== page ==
In general, emotional stress—including emotions such as anger, frustration, and anxiety—gives rise to heart rhythm patterns that appear irregular and erratic: the HRV waveform looks like a series of uneven, jagged peaks (an example is shown in the figure below). Scientists call this an incoherent heart rhythm pattern. Physiologically, this pattern indicates that the signals produced by the two branches of the ANS are out of sync with each other. This can be likened to driving a car with one foot on the gas pedal (the sympathetic nervous system) and the other on the brake (the parasympathetic nervous system) at the same time—this creates a jerky ride, burns more gas, and isn’t great for your car, either! Likewise, the incoherent patterns of physiological activity associated with stressful emotions can cause our body to operate inefficiently, deplete our energy, and produce extra wear and tear on our whole system. This is especially true if stress and negative emotions are prolonged or experienced often.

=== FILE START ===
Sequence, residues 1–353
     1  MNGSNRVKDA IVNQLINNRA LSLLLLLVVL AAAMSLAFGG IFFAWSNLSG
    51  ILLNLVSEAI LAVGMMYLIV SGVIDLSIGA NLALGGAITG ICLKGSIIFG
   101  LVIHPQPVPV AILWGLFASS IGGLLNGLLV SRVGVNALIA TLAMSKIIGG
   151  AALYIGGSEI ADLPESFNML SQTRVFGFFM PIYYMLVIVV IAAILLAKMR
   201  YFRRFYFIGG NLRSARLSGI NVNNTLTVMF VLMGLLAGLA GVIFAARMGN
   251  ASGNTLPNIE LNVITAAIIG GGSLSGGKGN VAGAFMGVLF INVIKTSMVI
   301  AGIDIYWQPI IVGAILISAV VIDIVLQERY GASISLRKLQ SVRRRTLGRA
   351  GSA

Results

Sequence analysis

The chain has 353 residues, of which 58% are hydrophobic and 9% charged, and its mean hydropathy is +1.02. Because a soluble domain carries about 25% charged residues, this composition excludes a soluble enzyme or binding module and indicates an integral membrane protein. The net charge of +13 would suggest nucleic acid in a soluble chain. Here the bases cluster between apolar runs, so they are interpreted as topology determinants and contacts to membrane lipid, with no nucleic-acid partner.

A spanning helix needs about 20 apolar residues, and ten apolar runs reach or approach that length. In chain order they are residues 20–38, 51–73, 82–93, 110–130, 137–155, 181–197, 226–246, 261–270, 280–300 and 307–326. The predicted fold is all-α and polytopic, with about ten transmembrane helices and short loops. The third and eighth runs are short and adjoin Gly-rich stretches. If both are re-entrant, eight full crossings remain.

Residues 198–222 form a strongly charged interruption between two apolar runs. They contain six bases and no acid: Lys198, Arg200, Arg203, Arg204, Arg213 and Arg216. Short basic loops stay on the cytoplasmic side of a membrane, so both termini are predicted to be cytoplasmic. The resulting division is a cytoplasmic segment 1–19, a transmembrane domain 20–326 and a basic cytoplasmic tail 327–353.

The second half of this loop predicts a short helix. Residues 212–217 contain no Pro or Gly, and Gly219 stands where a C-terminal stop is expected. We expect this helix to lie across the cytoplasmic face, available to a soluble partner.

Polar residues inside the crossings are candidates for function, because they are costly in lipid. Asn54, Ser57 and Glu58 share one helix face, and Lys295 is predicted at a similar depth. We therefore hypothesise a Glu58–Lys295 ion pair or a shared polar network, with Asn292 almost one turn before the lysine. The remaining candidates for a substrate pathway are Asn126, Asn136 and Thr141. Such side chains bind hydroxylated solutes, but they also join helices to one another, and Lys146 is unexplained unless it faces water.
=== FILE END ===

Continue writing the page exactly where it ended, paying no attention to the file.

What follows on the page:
That’s how much affect the nervous system of the heart has on the nervous system in the head, it can direct even our emotional responses.

So you see, all 4 of these nervous systems connect. Together with your hormone systems they control all of your body’s functions.

Since Chiropractic is aimed at balancing the nervous system to allow the body to heal, the more effectively we can balance the 4 different and interactive nervous systems, the more harmony we can bring to the body. Many methods are used in conjunction with each other to bring this about. The primary method used to accomplish this is adjusting. If we add to the adjusting nutrition, lifestyle changes, exercise, and a host of other therapies we can have a much bigger impact on the bodies function.